Gnomon – Nick Harkaway

Some things try their best to defy explanation. Realistically it is quite hard to define why you fall in love with one person and not another; I can’t tell you why I have an irrational fear of buttons (that’s why it’s irrational, obviously); you can’t quite describe why you choose the 18th property you see when house-hunting (barring the phrase ‘it felt like home’…). Which can be a problem when part of your job is recommending books to customers. There are times when saying nothing more coherent than ‘it gave me the warm fuzzies’ is enough but it isn’t the best way to review dystopian fiction. So, obviously, I try to explain what it is that I’ve enjoyed about a book – how it made me feel, what I made of the characters, if the plot or language reminded me of another book, film or even a song. If I go quiet for a long time after finishing a novel it is probably because I’m trying to work out what those connections are. With Gnomon, the new book from Nick Harkaway, I think I’m going to have to start describing before I know what hit me…

33852053Gnomon is set, it seems, in an alternate reality where Britain operates under a benign but all-encompassing system of surveillance. Instead of politicians, fallible and corruptible human beings, the country is controlled by the System, watched (at all times and in every way) by the Witness and, if things do go wrong, there are Inspectors (like Mielikki Neith, one of the book’s central characters) to work out what happened. When Diana Hunter dies while being interrogated (by having her brain thoroughly and electronically read) Neith has to, effectively, inhabit her thoughts to find out what happened. But instead of one woman’s thoughts, feelings and life she finds at least four other stories unfolding in there – and what stories they are! A greek banker, doing well enough but nothing spectacular, encounters a shark while swimming, escapes and becomes some kind of financial guru. Saint Augustine’s discarded lover becomes some kind of  miracle-worker, utilising the power of a temple of Isis which somehow exists even though it should only be a figment of her imagination. The owner of a security firm returns to his former life as a famous artist when his grand-daughter needs him to visualise the computer game she is developing (where Britain is governed by an all-seeing surveillance system…). A mad, godlike figure plans to build a new reality by swallowing the current one – just like it happened before. And through it all is the image of the shark – terrifying and destructive and sometimes more than just an image.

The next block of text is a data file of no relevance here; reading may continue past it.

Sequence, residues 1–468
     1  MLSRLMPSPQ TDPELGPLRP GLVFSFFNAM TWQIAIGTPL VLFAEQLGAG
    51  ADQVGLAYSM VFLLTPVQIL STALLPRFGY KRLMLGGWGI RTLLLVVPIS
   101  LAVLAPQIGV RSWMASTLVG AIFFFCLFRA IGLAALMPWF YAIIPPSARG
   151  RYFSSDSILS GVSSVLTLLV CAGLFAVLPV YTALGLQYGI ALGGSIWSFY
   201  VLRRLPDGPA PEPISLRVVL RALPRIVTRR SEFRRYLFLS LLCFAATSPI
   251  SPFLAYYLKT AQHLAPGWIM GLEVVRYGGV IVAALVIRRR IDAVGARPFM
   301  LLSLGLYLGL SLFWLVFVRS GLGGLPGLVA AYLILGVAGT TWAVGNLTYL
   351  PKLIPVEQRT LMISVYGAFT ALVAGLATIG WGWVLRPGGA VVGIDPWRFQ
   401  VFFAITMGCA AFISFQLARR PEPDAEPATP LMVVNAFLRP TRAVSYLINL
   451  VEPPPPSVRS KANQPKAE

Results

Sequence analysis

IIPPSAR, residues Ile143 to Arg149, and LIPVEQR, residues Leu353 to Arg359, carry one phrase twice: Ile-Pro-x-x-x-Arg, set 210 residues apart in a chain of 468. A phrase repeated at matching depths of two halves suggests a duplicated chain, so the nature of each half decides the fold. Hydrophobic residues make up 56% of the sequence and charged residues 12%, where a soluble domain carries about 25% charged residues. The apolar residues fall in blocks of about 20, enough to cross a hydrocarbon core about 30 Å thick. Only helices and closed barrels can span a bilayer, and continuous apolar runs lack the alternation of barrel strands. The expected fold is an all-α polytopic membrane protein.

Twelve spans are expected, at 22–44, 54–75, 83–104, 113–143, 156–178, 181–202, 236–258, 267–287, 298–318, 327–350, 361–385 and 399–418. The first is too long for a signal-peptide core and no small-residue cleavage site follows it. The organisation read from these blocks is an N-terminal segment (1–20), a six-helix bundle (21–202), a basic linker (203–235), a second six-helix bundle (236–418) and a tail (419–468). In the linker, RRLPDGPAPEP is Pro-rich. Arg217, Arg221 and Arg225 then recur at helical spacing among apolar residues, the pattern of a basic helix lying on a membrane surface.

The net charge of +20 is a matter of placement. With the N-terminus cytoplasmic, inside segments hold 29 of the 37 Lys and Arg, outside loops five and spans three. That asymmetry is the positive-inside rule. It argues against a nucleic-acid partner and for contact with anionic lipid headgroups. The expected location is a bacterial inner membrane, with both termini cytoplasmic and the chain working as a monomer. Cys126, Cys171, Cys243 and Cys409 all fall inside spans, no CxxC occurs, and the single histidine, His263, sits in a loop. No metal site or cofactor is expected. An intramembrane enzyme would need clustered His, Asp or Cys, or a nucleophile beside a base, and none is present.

The first time Harkaway thoroughly confused (but also delighted) me was when I read his first novel, The Gone-Away World, about nine years ago. I’ve reread it a couple of times since, I still love it (especially Ronnie Cheung – I bloomin’ love Ronnie Cheung), but I find new angles each time. Harkaway is the son of John Le Carré and, although he writes in a completely different genre, he seems to share his father’s love of a convoluted (but totally joined-up) plot. I’m fairly certain I’m going to have to read Gnomon a few times before I even begin to realise what was going on. If you like a book which is very big, very dense and very clever then this could be for you – the fact it is also very funny is a bonus – just don’t blame me if you have major problems trying to describe what just happened to you when you’ve finished.

Jane

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The Djinn Falls in Love – Mahvesh Murad & Jared Shurin eds.

Retellings of fairy-tales, folk stories and myths are huge at the moment (and have been for a while). Authors like Angela Carter, Philip Pullman and Joanne Harris have explored many of the stories which are hugely familiar to us all and made us think very differently about them. There doesn’t seem to be a fairy-tale character who doesn’t now star in their very own YA franchise and my favourite, Alice in Wonderland, crops up everywhere. The universal themes of stories which we have heard from our childhoods help to give us a sense of familiarity (which the best authors then undermine like mad). But of course not every culture tells the same stories so I was interested to read this collection of tales based on the tales of djinns (or jinns or genies) which we only know in the West from Disney films.

djinnContrary to everything I thought I knew (and which most people raised in cultures where these beings are as well-known as elves and gnomes are to us could have told me) most djinn don’t live in bottles. They don’t necessarily spend all their time granting wishes and they don’t all speak like Robin Williams – these djinn are much more interesting and diverse. These djinn are people. Interestingly the biggest named author in the book (the incomparable Neil Gaiman) wrote one of the stories I liked least – although, to be fair, it was a chapter from American Gods and maybe I could tell that, while complete in itself, it wasn’t a whole story. The rest of the stories cover a multitude of genres and time periods: I particularly enjoyed some of the more sci-fi/dystopian ones (Saad Hossain’s Bring Your Own Spoon, for example), but most of them had some elements of speculative fiction in there. The one which may stick with me longest, however, was chillingly real – REAP by Sami Shah – and featured a blend of magical beings and realistic drone warfare.

A really interesting collection and, like the best short story anthologies, it will lead you towards lots of brilliant new authors.

Jane

Exit West – Mohsin Hamid